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Heartbeat monitors have been around for decades. Polar introduced the first wireless wearable heartbeat monitor—the Sport Tester PE2000—in 1978, but it wasn’t until 1982, when Polar introduced the Sport Tester PE3000, that users could view and analyze heart rate data in real time, thus ushering in the era of using heart rate data to objectively analyze health and performance.
Despite heartbeat monitors being widely used by athletes, it wasn’t until recently, with the advent of optical heartbeat sensors, fitness trackers, and smartwatches, that heart rate data truly became available to the masses.
Why use a heartbeat monitor? Your heart rate tells you a lot about your workout, and can be a key piece of information to track fitness, progress, and changes over time. It’s also a critical indicator of how challenging your workout is, as the same workout metrics impact each athlete differently. This can help you target your workouts for fitness, fat-burning, or other goals.
Optical Versus Electrical
Electrical heartbeat monitors, also called ECG (electrocardiography) monitors, measure the electrical signals that control expansion and contraction of the heart via a chest strap. According to Polar’s Chief Strategy Officer, Marco Suvilaakso, “high-quality chest straps...are still superior in providing the more reliable and responsive HR data versus optical sensors.”
Optical, or PPG (photoplethysmography), sensors shine an LED light through the skin and record the changes in blood flow from the pumping of the heart. Because they are dependent on blood flow to register heart rate data, they are prone to imprecise readings for a variety of reasons. Suvilaakso cautions that muscle tension when gripping the handlebar, as well as cold weather, can restrict blood flow in the wrist, and bumps from the road can send little shocks to the wrist that disrupt blood flow and cause inaccurate readings. Devices with optical sensors need to fit as snugly as possible, and the farther up the arm they sit (on your forearm or bicep, for example), the better the readings will be.
These days, smartwatches and fitness trackers are mostly Bluetooth-enabled, and many have their own companion apps and analysis software, like Garmin Connect and Polar Flow. Some devices, like the Suunto 9 Baro, measure heart rate via optical sensor and can connect to a Bluetooth heart rate strap, like the Wahoo Tickr X, for a higher level of accuracy. But not all heart rate straps are Bluetooth-enabled. Some, like the Garmin Softstrap Premium, broadcast only an ANT+ signal.
Heart Rate Variability and ECG
Some heart rate monitors and fitness trackers now measure HRV (heart rate variability). HRV is a measure of the millisecond deviations from a regular heartbeat, and is quickly replacing resting heart rate as the gold standard for determining how rested or fatigued you are. If you’re training for an upcoming event, and especially if you are balancing much more than just training in your life, look for a heart rate monitor that measures heart rate variability. It’s an incredibly helpful metric for balancing work, family, and training.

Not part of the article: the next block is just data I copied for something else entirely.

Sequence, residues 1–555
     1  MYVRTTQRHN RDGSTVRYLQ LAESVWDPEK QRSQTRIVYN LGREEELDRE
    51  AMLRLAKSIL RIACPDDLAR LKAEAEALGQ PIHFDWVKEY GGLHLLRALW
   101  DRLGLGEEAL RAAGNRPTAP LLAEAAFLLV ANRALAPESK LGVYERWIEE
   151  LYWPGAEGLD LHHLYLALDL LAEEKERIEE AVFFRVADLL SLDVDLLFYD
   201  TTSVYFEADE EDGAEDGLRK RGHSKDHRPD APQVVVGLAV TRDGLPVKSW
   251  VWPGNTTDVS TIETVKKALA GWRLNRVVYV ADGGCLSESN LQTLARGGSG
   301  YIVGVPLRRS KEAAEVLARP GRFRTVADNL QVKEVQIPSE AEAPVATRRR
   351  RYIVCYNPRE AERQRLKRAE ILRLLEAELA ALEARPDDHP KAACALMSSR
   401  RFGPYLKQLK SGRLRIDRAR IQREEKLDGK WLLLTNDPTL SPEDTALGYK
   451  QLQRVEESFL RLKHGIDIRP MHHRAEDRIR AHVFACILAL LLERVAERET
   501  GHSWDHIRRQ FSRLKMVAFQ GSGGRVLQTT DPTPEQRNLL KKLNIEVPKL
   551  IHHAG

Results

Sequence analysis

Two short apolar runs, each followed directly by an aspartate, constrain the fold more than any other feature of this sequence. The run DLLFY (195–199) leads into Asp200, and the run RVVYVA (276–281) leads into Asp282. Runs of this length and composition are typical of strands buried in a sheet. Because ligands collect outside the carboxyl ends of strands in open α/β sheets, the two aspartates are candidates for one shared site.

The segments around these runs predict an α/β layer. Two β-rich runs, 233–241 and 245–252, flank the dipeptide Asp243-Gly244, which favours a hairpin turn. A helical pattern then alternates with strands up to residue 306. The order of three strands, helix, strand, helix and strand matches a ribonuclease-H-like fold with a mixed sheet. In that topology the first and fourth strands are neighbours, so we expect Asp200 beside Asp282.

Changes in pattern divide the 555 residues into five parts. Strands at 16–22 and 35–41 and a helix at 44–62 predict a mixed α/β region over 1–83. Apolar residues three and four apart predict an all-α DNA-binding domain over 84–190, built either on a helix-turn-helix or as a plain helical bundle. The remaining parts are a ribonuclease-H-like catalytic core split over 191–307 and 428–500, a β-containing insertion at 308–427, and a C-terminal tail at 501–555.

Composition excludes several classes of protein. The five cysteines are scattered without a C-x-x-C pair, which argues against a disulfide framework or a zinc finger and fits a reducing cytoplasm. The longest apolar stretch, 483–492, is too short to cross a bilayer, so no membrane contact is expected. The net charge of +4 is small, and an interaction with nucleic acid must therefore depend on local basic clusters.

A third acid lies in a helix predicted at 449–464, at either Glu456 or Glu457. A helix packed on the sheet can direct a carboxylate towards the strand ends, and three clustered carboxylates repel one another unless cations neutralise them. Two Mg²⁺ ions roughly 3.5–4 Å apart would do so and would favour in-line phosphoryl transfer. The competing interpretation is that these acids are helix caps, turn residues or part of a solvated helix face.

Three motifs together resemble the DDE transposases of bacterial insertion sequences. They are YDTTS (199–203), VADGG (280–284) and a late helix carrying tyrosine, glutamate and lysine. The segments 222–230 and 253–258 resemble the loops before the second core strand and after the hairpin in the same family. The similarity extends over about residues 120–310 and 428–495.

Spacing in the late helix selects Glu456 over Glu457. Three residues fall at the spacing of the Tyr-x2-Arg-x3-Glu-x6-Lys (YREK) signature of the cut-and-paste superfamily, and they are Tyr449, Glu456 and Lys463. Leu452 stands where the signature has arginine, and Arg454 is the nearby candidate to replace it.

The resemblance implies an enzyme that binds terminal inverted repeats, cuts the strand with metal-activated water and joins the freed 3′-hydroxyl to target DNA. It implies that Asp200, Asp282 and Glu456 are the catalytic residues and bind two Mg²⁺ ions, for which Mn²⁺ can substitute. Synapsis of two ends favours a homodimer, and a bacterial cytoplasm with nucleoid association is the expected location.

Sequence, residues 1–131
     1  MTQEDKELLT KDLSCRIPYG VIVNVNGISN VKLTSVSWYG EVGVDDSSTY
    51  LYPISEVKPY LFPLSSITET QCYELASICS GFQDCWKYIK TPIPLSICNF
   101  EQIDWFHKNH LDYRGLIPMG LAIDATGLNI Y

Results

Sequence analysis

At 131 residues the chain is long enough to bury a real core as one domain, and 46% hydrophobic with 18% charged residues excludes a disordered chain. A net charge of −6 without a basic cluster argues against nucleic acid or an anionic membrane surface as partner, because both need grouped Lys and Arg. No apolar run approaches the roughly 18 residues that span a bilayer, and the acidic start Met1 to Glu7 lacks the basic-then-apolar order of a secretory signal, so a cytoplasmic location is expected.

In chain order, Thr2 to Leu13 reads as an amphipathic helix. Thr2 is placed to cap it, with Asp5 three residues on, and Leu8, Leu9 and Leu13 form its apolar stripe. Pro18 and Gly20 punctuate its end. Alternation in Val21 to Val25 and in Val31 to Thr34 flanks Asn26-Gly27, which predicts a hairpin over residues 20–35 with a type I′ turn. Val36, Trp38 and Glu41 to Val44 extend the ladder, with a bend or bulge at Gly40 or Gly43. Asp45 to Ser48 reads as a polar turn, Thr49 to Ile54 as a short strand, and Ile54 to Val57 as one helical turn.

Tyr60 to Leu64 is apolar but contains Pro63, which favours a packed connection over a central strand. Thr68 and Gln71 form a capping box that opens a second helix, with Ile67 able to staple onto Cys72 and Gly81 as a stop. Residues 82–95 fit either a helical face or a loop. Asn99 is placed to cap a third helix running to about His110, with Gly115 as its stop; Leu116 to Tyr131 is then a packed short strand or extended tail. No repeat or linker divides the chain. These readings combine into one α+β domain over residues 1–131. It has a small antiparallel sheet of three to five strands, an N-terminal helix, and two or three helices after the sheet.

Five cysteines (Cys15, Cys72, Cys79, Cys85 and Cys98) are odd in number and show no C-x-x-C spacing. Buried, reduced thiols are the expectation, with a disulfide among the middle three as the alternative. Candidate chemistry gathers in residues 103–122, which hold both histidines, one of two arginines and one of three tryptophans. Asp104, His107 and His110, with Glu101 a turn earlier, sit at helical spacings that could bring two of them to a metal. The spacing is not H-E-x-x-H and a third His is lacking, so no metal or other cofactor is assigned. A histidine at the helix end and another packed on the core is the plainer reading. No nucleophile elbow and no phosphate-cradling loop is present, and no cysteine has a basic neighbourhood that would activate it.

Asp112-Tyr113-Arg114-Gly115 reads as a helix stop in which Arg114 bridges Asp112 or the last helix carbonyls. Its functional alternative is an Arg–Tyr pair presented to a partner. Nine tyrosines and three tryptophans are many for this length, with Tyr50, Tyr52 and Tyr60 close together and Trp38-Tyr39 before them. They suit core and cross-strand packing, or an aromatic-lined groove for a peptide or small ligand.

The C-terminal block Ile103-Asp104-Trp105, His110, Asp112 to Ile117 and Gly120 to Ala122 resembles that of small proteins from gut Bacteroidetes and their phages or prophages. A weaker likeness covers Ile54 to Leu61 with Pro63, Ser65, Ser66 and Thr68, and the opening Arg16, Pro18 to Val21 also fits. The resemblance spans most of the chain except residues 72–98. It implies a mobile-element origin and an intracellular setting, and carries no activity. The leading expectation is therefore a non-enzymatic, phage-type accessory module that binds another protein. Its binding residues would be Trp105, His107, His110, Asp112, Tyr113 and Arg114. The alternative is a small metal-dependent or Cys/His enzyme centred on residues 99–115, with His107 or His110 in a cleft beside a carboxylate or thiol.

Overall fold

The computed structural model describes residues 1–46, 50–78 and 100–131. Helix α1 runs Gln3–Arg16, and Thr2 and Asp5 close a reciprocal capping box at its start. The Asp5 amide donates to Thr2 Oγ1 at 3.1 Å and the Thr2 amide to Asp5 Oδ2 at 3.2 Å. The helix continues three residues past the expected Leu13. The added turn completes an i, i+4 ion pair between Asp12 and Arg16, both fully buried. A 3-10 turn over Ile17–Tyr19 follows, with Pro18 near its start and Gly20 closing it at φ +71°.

Devices that can perform an ECG, like the Withings Move ECG, can help detect early signs of heart conditions like AFib (Atrial Fibrillation), but they present a double-edged sword. You can be lulled into a false sense of security if nothing appears to be out of order. Dr. Neal Stansbury, MD, an orthopedic specialist at VSAS Orthopaedics in Allentown, PA (also a former professional cyclist who battled a heart rhythm disorder), says these home readings “can be helpful in that it alerts a person that a problem may be present, as long as the person doesn’t try to self-diagnose.” While having access to this technology 24/7 may make you feel like you have all the information you need, Dr. Stansbury cautions “if you feel as though something is wrong, regardless of the monitor, seek help from a doctor.”
How We Selected
We’ve come up with a variety of heartbeat monitors, but the reality is there is no definitive best, only the one that’s best for you. We included devices that measure heart rate via a chest strap for when precision matters most, as well as optical sensors for athletes who would rather not wear a chest strap. For many people, the comfort of ditching a chest strap and the ease of wearing only a device on your wrist is worth the slight drop in precision, so we made sure to include a wide range of options.
With that in mind, find our current top picks for the best heartbeat monitors below. And if you want a device that provides lots of extra features along with measuring your heart rate, check out our favorite fitness trackers.
Suunto 9 Baro
Insanely Long Battery Life
Battery Life: 120 hours in Ultra mode, 25 hours in Performance mode
Best For: Athletes on extended trips
Listing the Suunto 9 as a heartbeat monitor undersells its capabilities, but this watch does have both an optical heartbeat sensor and the ability to connect to a Bluetooth chest strap for greater accuracy. This professional-level watch has an astounding battery life—up to 25 hours in Performance mode and up to 120 hours in Ultra mode—and gives you real-time notifications on remaining battery life, allowing you to change modes on the go so you don’t run out of juice before the end of your workout.
Wahoo Tickr X
Compatible With Other Devices
Style: Chest strap
Battery Life: 500 hours
Best For: Athletes tracking on multiple devices
This chest strap features both ANT+ and Bluetooth connectivity. It can also store up to 16 hours of data for future download and analysis. The strap’s treadmill mode tracks speed and distance while running in place and is compatible with dozens of third-party apps. It runs on a CR2032 battery and comes with a soft, adjustable strap.